Affordable housing advocates have identified the need for more than 200,000 low- and moderate-income units in New Jersey through 2025, in a report that could serve as a baseline for the state judiciary as it begins to sort out the obligations for individual municipalities.
The calculations, which were prepared by the Fair Share Housing Center, could still be disputed by local officials who say the development would overburden their municipalities. But the report marks the first time Fair Share has updated the need estimates since a March 10 ruling by the state Supreme Court, which stripped the controversial Council on Affordable Housing of its duties and turned them over to the lower courts.
“The Supreme Court directed the trial courts to determine what the obligations are, and this is our initial entry in the process,” said Kevin Walsh, associate director of the Fair Share Housing Center. “What we’ve done is engaged in the litigation contemplated by the courts.”
The report, which Fair Share prepared with the consulting firm Kinsey & Hand, said New Jersey has an unmet need of 201,382 affordable housing units. In a town-by-town breakdown obtained by NJBIZ, the group concludes that 76 municipalities have unmet obligations of 1,000 units, the statutory cap for a single jurisdiction.
Such high numbers are likely to be challenged during upcoming judicial proceedings, but developers are welcoming the updated projections and the opportunity to clarify the municipal obligations in court.
“We hope the logjam has been broken and we can get back to building affordable housing with predictability and with certainty,” said George Vallone, president of the New Jersey Builders Association. “(It’s) something we haven’t been able to do in 15 years.”
The long-running battle over the Council on Affordable Housing, or COAH, seemed to reach a turning point last month when the Supreme Court ruled the agency was “nonfunctioning.” COAH’s charge was to determine whether local governments are meeting their obligations for low- and moderate-income housing, but since 1999 has failed to produce guidelines that weren’t challenged in court.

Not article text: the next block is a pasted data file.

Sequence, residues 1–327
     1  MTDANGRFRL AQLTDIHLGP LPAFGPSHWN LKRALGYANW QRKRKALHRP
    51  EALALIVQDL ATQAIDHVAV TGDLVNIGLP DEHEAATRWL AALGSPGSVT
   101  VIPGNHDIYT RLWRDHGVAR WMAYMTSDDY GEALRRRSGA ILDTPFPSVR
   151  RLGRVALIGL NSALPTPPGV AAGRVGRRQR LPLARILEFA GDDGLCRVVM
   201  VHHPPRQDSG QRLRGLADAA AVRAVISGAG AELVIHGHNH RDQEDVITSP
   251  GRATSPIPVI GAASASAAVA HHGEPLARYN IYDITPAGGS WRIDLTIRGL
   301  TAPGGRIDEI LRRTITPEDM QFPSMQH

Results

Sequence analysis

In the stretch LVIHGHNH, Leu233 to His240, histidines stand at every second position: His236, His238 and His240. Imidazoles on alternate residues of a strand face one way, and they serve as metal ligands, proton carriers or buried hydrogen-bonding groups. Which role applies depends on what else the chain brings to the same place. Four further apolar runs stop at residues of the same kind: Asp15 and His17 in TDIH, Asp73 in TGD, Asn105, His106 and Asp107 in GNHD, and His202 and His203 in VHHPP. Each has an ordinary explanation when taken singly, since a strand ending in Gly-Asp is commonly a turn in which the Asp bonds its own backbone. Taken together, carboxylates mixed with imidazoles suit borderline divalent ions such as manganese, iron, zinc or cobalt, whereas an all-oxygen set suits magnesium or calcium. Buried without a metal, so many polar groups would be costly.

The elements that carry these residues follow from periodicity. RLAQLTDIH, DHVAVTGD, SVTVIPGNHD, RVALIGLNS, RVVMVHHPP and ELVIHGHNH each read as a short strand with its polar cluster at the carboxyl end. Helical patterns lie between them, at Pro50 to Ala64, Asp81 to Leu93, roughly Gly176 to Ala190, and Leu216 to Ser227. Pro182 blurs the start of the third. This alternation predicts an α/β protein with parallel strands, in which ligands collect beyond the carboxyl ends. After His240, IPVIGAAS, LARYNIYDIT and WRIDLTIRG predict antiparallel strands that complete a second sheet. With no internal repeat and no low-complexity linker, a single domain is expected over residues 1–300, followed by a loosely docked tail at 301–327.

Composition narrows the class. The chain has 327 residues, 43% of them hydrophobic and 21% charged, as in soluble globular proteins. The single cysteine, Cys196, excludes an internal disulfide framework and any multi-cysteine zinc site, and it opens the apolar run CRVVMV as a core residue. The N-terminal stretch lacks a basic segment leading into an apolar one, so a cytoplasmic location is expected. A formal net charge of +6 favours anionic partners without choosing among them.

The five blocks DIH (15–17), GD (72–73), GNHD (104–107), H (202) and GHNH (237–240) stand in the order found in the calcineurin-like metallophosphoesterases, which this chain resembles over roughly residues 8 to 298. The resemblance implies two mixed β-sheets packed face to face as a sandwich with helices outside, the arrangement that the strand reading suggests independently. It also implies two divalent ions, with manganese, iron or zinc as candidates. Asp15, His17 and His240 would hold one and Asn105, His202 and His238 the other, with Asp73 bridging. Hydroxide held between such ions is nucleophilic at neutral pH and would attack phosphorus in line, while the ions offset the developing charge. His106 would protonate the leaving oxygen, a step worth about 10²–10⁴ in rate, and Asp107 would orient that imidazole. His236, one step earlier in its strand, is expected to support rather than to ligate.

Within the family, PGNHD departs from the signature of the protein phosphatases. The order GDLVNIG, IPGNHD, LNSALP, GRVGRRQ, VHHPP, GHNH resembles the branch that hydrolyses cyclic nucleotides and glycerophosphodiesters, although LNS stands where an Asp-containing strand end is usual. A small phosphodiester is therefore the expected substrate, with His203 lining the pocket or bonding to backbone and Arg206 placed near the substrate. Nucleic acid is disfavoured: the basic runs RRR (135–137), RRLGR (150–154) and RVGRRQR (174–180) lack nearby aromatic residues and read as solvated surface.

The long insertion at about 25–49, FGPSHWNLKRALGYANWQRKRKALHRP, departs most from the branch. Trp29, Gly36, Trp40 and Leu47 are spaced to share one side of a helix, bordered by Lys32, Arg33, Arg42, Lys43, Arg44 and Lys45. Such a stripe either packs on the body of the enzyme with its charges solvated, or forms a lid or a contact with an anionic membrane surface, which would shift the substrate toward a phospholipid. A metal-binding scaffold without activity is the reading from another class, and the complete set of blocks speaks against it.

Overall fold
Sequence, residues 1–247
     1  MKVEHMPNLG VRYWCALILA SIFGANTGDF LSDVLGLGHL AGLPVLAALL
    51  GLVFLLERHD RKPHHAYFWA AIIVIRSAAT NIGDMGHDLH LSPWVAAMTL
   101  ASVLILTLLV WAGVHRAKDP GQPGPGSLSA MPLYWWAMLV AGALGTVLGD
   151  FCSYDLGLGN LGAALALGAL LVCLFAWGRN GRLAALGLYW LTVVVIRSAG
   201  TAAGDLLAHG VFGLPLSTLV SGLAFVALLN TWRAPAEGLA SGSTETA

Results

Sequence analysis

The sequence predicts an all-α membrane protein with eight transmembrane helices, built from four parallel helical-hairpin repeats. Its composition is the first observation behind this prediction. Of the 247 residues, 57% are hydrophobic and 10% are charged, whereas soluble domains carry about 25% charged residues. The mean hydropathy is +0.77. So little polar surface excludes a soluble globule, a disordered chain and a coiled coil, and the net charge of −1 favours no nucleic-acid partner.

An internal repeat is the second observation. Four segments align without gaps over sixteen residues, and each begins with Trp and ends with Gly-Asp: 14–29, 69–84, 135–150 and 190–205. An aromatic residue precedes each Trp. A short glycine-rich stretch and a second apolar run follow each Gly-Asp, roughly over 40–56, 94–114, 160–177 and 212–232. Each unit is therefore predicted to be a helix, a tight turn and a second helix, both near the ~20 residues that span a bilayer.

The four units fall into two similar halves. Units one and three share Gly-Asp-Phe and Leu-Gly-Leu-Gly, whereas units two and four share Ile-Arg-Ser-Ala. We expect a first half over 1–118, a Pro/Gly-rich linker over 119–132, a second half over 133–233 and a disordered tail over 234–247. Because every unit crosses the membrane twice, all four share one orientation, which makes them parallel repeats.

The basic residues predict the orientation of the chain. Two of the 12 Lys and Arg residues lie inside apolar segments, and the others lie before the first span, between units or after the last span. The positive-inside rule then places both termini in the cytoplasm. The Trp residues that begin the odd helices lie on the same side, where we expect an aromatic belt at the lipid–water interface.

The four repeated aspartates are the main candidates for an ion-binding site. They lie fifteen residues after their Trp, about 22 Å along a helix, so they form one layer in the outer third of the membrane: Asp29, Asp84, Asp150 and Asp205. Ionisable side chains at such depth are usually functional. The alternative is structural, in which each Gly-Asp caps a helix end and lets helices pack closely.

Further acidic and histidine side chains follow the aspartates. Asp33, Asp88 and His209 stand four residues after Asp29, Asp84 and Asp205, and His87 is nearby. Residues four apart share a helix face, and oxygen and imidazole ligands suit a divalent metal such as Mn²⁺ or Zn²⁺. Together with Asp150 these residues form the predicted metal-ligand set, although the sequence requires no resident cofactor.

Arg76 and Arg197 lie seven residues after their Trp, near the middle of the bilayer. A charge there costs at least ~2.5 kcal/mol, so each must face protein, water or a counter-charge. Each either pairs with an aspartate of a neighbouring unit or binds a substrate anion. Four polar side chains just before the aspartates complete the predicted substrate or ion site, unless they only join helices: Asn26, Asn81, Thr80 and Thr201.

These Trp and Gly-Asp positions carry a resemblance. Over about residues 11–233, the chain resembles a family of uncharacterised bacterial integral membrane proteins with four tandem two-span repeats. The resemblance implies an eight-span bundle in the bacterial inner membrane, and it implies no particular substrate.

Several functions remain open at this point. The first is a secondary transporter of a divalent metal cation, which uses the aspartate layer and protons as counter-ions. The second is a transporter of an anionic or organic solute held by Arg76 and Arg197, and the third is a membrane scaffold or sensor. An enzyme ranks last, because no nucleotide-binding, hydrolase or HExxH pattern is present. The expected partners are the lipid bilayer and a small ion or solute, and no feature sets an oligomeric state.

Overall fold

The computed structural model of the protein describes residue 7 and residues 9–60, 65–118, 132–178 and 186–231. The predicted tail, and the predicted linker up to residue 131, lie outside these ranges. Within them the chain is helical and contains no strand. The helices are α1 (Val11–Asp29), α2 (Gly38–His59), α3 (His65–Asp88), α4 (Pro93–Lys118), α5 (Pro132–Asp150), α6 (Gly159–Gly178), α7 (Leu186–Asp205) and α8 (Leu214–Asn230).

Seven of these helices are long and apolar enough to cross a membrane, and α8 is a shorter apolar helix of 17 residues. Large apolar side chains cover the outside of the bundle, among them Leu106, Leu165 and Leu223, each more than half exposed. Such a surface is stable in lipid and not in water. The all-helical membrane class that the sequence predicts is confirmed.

The ruling gave towns through July to have their affordable housing plans certified in court, but after that they could face so-called builder’s remedy lawsuits, in which developers sue local governments to allow for higher density in housing projects.
The New Jersey League of Municipalities is also welcoming the chance to have local obligations decided in court, following years of uncertainty with COAH. But league President Brian Wahler cautioned that Fair Share’s latest projections may be overshooting.
“There are a lot of communities that have done the right thing and those that, for whatever reason, have had problems implementing (affordable housing plans),” said Wahler, the mayor of Piscataway. “But I don’t think the number that’s being suggested is a realistic number.
“I’m not faulting them for trying to put a number out there, but at the end of the day, the towns and the cities are going to weigh in also.” He added that municipalities “just want clarity, (but) also don’t want to get hammered with something overwhelming that their infrastructure is not going to be able to handle.”
Fair Share’s latest numbers are based on the formula that was used up until 1999, before COAH came up with new guidelines that would be challenged in court for years to come.
With the new obligations in hand, Walsh conceded that some municipalities would challenge their individual projections, but “so far the towns haven’t gotten their act together to have different numbers.” He also noted that the obligations are substantial, but that’s “because the needs people have are substantial.”
“We as a state have done a poor job of getting homes built that people need, and the reason or that is because towns block legitimate efforts at development,” Walsh said. “And the court’s March 10 decision gets us past the abuse of home rule powers.”
He added that local governments can see about getting their obligations lowered if they don’t have land or redevelopment capacity. And while the obligations are projected through 2025, he said they’re meant to guide development in good faith over a longer term.
“The towns have to do their best to meet it in the next 10 years, but if the market doesn’t produce housing at the rate that would be necessary to satisfy these obligations, then they’ll just be satisfied 20 years out, 30 years out,” he said. “Right now we’re still meeting obligations that were generated in the 1980s.”
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